It will be recognized that the motor may be coupled to the actuator output 14 through a variety of gear train configurations for driving a movable element linearly or rotationally and/or at a desired speed/torque. Although the movable element in the illustrated embodiment is a window lift mechanism 19, the movable element may take a variety of configurations including, for example, a rotational fuel filler valve, sunroof mechanism, etc. Those skilled in the art will also recognize other systems where a brushless DC configuration consistent with the present invention may be utilized. It is to be understood, therefore, that the embodiments described herein are described by way of illustration, not of limitation.
In the illustrated system of FIG. 1, the actuator output 14 may drive the movable window lift mechanism 19 to move a vehicle window between open and closed positions. Operation of the motor 12, and thus the actuator output, to achieve an open or closed position may be controlled via a switch 24, e.g. in the vehicle passenger compartment, which controls connection of a power supply 18, e.g. the vehicle battery, to a motor driver circuit 16. The power supply 18 provides a supply voltage Vs for the motor driver circuit 16, which may take a variety of configurations known to those skilled in the art.
The motor driver circuit provides current to the motor windings in response to commutation control signals from a controller 22. The controller 22 preferably includes appropriate circuitry/logic to generate the control signals 11 in response to one or more feedback signals representing current motor operating conditions/parameters. Two such parameters that may be sensed directly or computed from other variables are the speed of the motor (ω), i.e. the rotational speed of the rotor 23 of the motor, and the motor current draw (I).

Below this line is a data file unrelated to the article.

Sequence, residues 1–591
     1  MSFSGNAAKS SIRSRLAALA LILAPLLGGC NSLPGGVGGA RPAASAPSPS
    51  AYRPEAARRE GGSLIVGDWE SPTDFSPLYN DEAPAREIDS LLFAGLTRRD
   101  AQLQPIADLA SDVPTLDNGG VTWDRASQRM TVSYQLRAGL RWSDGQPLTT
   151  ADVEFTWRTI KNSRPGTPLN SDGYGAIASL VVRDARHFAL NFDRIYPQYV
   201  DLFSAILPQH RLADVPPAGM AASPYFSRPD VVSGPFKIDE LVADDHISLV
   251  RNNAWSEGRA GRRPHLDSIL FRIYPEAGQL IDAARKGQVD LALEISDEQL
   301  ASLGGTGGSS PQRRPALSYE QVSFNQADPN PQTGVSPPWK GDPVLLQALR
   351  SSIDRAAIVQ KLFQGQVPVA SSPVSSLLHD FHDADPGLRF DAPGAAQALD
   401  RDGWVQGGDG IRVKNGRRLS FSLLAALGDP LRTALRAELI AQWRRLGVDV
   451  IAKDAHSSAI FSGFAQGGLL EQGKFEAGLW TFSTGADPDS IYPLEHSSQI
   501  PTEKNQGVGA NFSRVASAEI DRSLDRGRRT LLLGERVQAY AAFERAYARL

Motor speed and motor current draw are both effected by a load on a movable element, which would indicate a blockage or obstruction requiring pinch protection. FIG. 2, for example, is a plot of motor speed (ω) 51 and motor current draw 53 over torque (T) showing variation (dω, dI) between normal load and obstructed load conditions. As shown, when a blockage or obstruction occurs causing an obstructed load, the motor speed decreases and motor current draw increases. Advantageously, if the obstruction is robust enough, i.e. dω/dT and/or dI/dT in FIG. 2, exceeds some predetermined value required to trigger a pinch protection condition, the controller 22 may provide control signals that disable the output of the motor drive circuit 16 and hence shut down the motor 12. The controller may also be configured to cause retraction of the movable element in a pinch protection condition, whereby the obstruction may be removed.